A Treatise of Fruit-Trees

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General Books LLC, 2009 - History - 186 pages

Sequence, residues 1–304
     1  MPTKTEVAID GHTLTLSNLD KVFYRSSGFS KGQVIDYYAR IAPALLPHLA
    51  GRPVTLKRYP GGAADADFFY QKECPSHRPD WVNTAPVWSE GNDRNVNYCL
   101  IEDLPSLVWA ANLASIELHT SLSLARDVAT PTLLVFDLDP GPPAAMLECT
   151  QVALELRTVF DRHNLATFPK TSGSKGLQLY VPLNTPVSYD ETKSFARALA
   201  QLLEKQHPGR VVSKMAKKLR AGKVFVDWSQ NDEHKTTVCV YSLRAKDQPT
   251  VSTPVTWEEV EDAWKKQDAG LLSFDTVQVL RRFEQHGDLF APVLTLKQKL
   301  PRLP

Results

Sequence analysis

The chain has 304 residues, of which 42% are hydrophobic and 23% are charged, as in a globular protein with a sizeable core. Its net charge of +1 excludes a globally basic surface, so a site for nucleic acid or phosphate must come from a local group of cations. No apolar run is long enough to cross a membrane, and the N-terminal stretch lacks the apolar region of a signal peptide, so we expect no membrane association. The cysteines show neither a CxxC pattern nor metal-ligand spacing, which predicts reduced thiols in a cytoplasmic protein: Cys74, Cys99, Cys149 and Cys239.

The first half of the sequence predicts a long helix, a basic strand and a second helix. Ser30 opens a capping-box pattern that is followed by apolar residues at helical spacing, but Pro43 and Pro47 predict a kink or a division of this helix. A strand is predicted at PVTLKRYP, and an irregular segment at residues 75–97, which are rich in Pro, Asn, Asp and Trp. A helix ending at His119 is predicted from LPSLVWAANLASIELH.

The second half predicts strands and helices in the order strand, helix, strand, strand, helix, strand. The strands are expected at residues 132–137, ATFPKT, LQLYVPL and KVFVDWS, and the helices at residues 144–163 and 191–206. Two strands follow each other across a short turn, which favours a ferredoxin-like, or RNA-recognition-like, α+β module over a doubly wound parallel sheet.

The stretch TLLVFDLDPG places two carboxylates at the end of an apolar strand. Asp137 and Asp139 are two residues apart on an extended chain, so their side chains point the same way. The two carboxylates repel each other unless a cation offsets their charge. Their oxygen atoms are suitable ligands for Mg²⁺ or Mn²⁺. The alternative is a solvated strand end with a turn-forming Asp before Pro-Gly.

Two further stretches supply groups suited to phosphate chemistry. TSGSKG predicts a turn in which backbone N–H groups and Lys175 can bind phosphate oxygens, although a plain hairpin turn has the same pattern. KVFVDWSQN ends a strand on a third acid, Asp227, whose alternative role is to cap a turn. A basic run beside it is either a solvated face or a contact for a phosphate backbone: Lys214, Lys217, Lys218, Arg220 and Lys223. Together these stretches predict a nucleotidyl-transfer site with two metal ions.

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This historic book may have numerous typos and missing text. Purchasers can download a free scanned copy of the original book (without typos) from the publisher. Not indexed. Not illustrated.1757 Excerpt: ... that the stem is not required to be either very long or very strait; but the fide or horizontal branches proceeding from it, should be at regular distances and heights from one another, which is greatly to the advantage of its bearing. The extremities of the young shoots are subject to be killed in the winter; when this happens they should be taken off to the quick, and the branches kept from crossing one another, which is the chief order required, till they are large enough to bear; and shortening the branches is of great service in making them bear more plentifully; and since beating them with poles is an expeditious method for tall trees, I therefore recommend this practice for such trees, whether there be fruit or not. SECT. X. Of the Pruning of Standard Mulberries, WHERE orchards are pastured with large cattle, there is a necessity of having the branches of fruit-trees high, to prevent them from being damaged; otherwise the mulberry is much better to have its branches near the ground, for then the fruit is gathered with more ease, and leis liable to be blown down by the winds. The mulberry should have horizontals drawn from the stem, in the same manner as the apple, and all dead wood and old branches must be taken out, and new ones raised where there is occasion; but such branches as are designed to produce bearers must never be shortened, for they bear their fruit upon branches of the lame year's growth, proceeding from three or four buds near the extremities of the last year's shoots; and should the ends of these shoots, together with the buds be taken off, they would not produce any fruit, though they would shoot very strongly from other buds. SECT. XI. Of the Pruning of Standard-Cherries, Plums, Almonds, Quinces, Medlars, and Filberds. STandard-che...

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